Julia Cheiffetz wants Amazon CEO Jeff Bezos to “make Amazon a more hospitable place for women and parents.
Cheiffetz, who worked for Amazon (Nasdaq: AMZN) until July 2014, published a blog Wednesday detailing her experience working for the company in New York City, where she helped launch the company’s book publishing outpost.
The post is a first-person account of what was an incredibly difficult time in Cheiffetz’s life.
“In 2013, during my second year at Amazon, I had a baby of my own. Six weeks after my daughter was born, I was diagnosed with cancer,” she wrote.
While she was in the midst of treatment and still out on maternity leave, she received a form letter letting her know her health insurance had been cancelled. That cancellation turned out to be “a glitch in the system,” and she was eventually offered COBRA coverage.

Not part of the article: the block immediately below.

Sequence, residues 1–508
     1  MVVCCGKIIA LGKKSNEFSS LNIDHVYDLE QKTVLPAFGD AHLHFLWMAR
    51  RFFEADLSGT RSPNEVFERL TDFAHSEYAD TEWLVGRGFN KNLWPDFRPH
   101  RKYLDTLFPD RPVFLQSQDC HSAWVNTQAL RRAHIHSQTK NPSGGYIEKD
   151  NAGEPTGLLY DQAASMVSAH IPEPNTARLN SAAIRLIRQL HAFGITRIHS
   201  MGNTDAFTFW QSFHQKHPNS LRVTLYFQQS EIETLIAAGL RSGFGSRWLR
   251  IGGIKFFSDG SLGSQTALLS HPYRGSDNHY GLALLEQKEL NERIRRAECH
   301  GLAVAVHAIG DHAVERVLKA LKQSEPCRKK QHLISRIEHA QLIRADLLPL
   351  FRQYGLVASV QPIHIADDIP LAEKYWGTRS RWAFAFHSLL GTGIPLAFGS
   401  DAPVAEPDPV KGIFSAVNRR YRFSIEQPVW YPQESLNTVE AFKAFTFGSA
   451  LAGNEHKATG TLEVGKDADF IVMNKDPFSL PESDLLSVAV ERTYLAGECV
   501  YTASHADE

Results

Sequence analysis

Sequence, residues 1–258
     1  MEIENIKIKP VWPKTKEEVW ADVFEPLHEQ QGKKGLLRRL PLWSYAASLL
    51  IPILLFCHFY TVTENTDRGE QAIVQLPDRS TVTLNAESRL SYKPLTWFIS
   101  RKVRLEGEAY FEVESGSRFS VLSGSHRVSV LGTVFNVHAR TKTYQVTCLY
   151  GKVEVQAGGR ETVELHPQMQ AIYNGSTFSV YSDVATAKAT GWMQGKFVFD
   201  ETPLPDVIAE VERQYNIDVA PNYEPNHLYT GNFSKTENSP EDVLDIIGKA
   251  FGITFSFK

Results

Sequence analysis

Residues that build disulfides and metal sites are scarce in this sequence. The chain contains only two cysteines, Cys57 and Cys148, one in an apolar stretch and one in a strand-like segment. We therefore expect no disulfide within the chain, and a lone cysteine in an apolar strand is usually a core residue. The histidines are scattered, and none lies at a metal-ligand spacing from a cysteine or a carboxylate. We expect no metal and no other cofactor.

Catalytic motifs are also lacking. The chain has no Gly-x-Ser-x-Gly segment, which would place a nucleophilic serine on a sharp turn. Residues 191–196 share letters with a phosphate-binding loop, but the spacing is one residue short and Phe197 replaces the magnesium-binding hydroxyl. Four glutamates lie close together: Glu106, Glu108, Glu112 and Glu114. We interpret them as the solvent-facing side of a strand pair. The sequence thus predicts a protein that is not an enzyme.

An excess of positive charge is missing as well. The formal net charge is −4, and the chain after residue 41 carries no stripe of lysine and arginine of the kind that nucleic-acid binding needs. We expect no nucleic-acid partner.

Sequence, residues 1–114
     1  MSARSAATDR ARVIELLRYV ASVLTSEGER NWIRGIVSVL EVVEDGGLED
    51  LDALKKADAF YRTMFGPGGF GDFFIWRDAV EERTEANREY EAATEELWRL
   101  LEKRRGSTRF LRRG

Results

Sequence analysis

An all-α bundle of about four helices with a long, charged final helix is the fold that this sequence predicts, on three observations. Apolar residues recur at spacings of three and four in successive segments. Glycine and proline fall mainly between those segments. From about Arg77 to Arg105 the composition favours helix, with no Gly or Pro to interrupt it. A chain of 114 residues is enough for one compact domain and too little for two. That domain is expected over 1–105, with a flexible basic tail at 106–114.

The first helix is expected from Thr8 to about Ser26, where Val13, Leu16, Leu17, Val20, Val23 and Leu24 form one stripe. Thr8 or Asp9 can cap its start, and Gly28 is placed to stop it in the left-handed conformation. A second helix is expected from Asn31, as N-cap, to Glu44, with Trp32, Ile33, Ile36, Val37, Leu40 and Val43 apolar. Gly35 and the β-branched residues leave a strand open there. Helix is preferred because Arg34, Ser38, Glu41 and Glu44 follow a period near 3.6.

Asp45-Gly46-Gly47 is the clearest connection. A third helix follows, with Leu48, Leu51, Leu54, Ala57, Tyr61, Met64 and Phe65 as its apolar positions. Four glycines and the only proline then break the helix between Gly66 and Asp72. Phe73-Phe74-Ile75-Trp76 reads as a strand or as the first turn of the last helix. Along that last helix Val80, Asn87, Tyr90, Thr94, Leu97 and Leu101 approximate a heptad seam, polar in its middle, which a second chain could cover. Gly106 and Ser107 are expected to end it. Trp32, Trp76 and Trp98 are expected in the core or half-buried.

“I chalked it up to a horrendous administrative error but remain disappointed that a company of Amazon’s size didn’t have better mechanisms in place to prevent something like that from happening during an employee’s maternity leave,” she wrote.
After her five-month medical leave, Cheiffetz returned to work only to find she’d been replaced by another woman, and that she was now on a “performance improvement plan,” a signal she says is an indication at Amazon that your job is at risk. She resigned not long afterward.
The blog was in response to the New York Times piece on Amazon’s brutal corporate culture, which has inspired commentary, both in the form of criticism and praise, across the media landscape.
In this case, though, Cheiffetz’s story hits on several points: She felt like Amazon punished her for being sick and left the company. In an industry where attracting and retaining talent is a massive challenge, losing someone like Cheiffetz, who has gone on to become an executive editor for publisher Harper Collins, isn’t a great business strategy.
Written by Emily Parkhurst